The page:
$\zeta_5$ has degree $4$ over $\mathbb{Q}$ and $\zeta_7$ has degree $6$ over $\mathbb{Q}$

To give some background, I am attempting to solve the problem from Artin's algebra textbook which was already asked in this link: Showing $\zeta_5 \notin \mathbb{Q}(\zeta_7)$

Now, I would like to prove the following two claims which are not obvious to me. If I can prove these, I will be able to show that $\zeta_5\notin \mathbb{Q(\zeta_7)}$ as needed. I suspect that both claims will have similar proofs.

Claim 1: $\zeta_5$ has degree $4$ over $\mathbb{Q}$

Claim 2: $\zeta_7$ has degree $6$ over $\mathbb{Q}$

Attempt to prove Claim 1

Let $α=\zeta_5$. I would like to find the monic irreducible polynomial for $α$, but unfortunately I do not know what it is yet. I see $α=cos(\frac {2π}5)+isin(\frac {2π}5)$ and $α^4=cos(\frac {4π}5)+isin(\frac {4π}5)$. Please help me to find the irreducible polynomial, and (ideally) to show that it is irreducible.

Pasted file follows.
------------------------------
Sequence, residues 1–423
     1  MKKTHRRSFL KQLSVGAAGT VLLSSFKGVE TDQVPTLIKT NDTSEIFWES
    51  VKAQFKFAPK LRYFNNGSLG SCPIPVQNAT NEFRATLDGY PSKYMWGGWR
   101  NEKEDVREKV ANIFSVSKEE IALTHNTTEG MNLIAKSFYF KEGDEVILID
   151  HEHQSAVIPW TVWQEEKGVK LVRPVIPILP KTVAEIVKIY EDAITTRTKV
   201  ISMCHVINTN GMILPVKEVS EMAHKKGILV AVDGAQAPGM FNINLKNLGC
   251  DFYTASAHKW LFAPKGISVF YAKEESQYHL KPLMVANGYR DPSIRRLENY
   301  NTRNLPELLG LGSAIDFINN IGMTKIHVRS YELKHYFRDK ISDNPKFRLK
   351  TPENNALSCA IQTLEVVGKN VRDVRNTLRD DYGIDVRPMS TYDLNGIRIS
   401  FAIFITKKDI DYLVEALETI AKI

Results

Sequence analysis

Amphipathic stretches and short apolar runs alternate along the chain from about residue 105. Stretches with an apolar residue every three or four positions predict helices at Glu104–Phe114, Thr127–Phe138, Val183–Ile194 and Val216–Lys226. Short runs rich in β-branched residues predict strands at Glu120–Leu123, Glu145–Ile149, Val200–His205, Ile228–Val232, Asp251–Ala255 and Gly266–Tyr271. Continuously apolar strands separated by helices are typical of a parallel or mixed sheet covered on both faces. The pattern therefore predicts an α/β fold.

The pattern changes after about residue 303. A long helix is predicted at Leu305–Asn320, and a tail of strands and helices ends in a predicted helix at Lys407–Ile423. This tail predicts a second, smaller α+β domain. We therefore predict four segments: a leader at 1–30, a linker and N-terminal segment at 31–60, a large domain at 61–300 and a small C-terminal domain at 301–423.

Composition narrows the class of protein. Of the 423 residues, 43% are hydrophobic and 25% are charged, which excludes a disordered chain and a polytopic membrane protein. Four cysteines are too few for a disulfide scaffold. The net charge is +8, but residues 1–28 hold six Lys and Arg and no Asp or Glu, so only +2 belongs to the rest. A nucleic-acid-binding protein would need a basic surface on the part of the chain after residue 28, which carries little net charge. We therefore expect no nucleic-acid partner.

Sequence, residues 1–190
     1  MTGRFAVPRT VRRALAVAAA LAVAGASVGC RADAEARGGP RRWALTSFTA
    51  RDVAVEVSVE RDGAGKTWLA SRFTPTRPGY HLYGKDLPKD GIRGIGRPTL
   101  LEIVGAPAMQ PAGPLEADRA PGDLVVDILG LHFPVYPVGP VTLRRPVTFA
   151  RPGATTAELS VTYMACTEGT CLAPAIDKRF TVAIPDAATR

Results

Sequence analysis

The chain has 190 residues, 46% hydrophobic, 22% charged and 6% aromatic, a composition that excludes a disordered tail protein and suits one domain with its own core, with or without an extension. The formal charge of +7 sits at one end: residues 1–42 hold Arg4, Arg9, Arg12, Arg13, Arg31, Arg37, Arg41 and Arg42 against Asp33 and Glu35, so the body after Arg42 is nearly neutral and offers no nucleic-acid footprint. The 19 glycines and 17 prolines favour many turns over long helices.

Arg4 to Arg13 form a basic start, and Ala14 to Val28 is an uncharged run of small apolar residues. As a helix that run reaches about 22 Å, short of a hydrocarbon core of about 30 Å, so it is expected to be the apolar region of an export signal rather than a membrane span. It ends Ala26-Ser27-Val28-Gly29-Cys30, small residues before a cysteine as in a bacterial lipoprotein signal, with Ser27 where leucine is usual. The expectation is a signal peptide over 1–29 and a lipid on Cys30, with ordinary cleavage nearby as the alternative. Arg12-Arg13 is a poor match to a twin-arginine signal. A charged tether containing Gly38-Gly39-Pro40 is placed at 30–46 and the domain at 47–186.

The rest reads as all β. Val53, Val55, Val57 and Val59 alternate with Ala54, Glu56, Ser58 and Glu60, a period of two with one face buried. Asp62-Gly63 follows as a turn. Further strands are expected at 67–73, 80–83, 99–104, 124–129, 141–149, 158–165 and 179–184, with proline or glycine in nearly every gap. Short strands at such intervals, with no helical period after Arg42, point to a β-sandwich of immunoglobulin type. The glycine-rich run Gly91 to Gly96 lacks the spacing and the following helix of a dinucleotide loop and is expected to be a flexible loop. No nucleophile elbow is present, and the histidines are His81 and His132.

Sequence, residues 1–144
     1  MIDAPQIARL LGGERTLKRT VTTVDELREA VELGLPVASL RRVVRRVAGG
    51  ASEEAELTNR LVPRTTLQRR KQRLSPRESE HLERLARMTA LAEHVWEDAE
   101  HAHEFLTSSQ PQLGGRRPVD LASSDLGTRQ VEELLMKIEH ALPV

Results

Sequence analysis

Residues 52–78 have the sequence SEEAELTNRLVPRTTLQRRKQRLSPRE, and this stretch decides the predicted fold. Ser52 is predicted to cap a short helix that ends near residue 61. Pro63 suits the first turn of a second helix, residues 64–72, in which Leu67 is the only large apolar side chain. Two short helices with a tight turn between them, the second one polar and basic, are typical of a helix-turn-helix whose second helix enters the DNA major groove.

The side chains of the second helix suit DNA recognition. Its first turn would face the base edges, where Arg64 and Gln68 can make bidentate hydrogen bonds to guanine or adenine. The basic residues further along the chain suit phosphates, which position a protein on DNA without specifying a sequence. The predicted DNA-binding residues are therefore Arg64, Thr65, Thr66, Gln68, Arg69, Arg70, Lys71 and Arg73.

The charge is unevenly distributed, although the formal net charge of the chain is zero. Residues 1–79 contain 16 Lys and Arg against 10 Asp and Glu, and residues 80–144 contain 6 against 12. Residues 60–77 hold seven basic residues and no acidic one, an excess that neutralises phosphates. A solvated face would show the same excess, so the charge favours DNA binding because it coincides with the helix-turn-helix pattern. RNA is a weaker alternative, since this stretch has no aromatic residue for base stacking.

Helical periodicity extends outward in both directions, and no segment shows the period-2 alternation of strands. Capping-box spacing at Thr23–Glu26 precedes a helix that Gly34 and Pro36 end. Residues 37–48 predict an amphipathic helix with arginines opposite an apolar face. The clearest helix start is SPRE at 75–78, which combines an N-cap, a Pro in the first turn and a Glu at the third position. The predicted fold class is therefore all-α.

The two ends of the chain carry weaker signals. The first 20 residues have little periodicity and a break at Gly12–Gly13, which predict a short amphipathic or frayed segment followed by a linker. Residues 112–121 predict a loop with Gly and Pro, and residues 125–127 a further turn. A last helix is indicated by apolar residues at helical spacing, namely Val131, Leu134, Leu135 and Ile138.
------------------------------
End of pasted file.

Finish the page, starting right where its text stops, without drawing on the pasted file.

Hint: The minimal polynomial of $\zeta_n$ is the cyclotomic polynomial $\Phi_n$. When $p$ is prime, $\Phi_p(x)=x^{p-1}+\cdots+x+1$. It is irreducible by Eisenstein's criterion applied to $\Phi_p(x+1)$.
For $\zeta= \zeta_5$ we have $\zeta^4 + \zeta^3 + \zeta^2 + \zeta+1=0$. It follows that $\eta=\zeta+\frac{1}{\zeta}$ is a root of $y^2+ y -1$, an irreducible polynomial (even mod $2$). Therefore, $\eta$ is of degree $2$. Moreover, $\zeta$ is a root of $x^2 - \eta x + 1$. $\zeta$ cannot lie in $\mathbb{Q}(\eta)$, since $\eta$ is real, while $\zeta$ is not. Therefore, $[\mathbb{Q}(\zeta): \mathbb{Q}(\eta)]=2$.
For $\zeta= \zeta_7$ we have a similar argument, with $\eta$ a root of the irreducible $y^3 + y^2 - 2 y - 1$.